Romania is one of the European Union's most important honey producers -- so much so that the country's industry can't keep up with demand.
More than 50 percent of its honey is exported elsewhere in the European Union, on a par with fellow producers Spain and Hungary. But Romania's industry lacks the processing factories it needs to ensure its output stays pure, and a loophole in EU legislation enables the use of dangerous pesticides that beekeepers and NGOs say are killing the bee population.
In 2015 and 2018, Romania led the EU in terms of annual honey production, and the country has ranked among the world's top 10 since 2011. The spike in Romania's industry -- which has strong traditional roots -- is down to heavy investment, as well as the popularization of pastoral beekeeping, which is the practice of moving hives throughout the year so that bees have access to more pollen. The country's rich landscape of wild flora and fauna makes it ideal for cultivating honey, beekeepers say.
At its height, Romania produced up to 35,000 tons of honey a year. For perspective, China leads global production with 300,000 tons, followed at a distance by Argentina, the United States, and Turkey at 80,000 tons each. Ukraine used to be up there, too, until the start of Russia's invasion in February.
The war in Ukraine has had a devastating impact not only on its own status as a major honey producer but also on neighboring Romania’s beekeepers. The harvest in 2022 was half that of previous years, according to beekeepers, affected also by the severe drought that took up much of the season and racked up more expenses as beekeepers had to feed the bees at apiaries because of the lack of suitable flora.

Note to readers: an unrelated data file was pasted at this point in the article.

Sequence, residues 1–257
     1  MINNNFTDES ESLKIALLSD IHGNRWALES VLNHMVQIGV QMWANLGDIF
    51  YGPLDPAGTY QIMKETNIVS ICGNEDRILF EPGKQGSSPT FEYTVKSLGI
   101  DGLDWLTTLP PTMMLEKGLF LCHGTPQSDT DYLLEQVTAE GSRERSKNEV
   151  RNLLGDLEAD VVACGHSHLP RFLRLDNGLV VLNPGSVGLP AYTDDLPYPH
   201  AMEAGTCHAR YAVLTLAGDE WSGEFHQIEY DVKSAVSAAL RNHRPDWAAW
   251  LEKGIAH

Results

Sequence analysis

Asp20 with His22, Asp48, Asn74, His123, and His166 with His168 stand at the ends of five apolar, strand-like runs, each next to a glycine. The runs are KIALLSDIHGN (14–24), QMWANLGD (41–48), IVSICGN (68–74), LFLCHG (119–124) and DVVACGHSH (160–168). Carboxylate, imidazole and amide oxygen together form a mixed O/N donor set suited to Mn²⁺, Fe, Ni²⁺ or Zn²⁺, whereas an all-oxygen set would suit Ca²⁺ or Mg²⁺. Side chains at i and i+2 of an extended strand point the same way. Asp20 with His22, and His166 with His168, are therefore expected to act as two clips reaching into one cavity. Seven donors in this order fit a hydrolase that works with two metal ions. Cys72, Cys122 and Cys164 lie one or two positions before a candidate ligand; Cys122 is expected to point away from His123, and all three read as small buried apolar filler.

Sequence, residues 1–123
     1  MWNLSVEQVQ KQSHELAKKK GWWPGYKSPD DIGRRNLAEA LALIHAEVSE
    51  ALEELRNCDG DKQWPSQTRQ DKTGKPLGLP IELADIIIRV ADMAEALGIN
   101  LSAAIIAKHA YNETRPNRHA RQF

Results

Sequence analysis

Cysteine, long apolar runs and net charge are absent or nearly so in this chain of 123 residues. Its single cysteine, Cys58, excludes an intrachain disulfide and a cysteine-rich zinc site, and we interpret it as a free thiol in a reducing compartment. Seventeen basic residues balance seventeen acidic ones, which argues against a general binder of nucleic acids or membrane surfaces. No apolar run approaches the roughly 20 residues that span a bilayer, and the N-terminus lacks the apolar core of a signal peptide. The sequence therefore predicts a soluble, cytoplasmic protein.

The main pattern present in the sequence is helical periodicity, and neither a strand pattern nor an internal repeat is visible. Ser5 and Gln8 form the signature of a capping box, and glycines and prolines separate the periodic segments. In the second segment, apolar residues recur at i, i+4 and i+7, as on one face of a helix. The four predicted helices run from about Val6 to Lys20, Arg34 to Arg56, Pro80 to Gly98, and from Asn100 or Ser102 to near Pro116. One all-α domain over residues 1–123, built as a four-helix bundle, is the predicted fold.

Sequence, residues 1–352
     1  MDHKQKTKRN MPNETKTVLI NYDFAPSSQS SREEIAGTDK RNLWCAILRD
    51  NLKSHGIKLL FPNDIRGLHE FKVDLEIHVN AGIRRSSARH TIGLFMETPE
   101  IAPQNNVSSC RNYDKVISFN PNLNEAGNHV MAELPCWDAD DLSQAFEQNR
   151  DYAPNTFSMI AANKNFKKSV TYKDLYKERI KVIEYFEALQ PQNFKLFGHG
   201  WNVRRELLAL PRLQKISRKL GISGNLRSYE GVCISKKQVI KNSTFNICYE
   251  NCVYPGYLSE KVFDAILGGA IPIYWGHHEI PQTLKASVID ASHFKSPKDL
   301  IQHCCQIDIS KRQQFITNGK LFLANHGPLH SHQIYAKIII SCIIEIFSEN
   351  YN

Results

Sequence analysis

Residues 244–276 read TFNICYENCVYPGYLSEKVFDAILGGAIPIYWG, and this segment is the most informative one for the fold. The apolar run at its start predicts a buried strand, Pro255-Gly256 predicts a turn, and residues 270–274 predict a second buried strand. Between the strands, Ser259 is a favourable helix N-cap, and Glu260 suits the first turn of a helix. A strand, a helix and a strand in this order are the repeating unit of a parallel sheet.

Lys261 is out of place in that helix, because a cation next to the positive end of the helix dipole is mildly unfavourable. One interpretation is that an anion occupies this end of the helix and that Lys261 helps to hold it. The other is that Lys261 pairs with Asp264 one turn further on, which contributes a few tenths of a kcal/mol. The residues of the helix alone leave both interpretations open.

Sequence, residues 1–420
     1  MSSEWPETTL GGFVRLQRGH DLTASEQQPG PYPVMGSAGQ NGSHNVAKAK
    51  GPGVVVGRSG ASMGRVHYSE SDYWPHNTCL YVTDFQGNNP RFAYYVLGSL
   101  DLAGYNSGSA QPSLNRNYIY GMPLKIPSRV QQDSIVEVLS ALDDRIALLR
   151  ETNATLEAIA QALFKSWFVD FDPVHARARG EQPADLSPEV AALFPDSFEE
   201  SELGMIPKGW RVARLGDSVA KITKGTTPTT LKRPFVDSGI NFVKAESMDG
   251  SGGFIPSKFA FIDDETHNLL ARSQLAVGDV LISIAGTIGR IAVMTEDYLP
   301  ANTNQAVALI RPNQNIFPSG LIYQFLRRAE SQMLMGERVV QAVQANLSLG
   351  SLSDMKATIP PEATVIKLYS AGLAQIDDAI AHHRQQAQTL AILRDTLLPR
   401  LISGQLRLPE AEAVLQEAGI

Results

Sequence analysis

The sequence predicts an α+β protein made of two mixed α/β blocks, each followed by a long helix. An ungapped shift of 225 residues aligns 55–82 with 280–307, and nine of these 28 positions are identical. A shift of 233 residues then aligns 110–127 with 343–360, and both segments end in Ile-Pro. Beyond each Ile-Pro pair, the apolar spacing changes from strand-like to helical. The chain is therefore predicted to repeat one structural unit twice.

"Only those who moved their bee colonies managed to produce any honey," says Razvan Coman, a beekeeper.
Crops of sunflowers and acacias, as well as orchards, suffered from the lack of rainfall, which meant fewer flowers were pollinated. The beekeepers hoped to receive some assistance from Romania's Agriculture Ministry, but none came.
Ioan Fetea, the president of the Association of Beekeepers of Romania, points out that other agricultural sectors were hit harder and thus the government isn’t likely to give them any aid.
"We asked for 40 million euros ($42 million). If we were to even get 10 percent of that, it would be 4 million euros. We would be happy with that. Since June, we've had a lot of costs related to feeding the bees special syrups and cakes," Fetea says.
No One To Process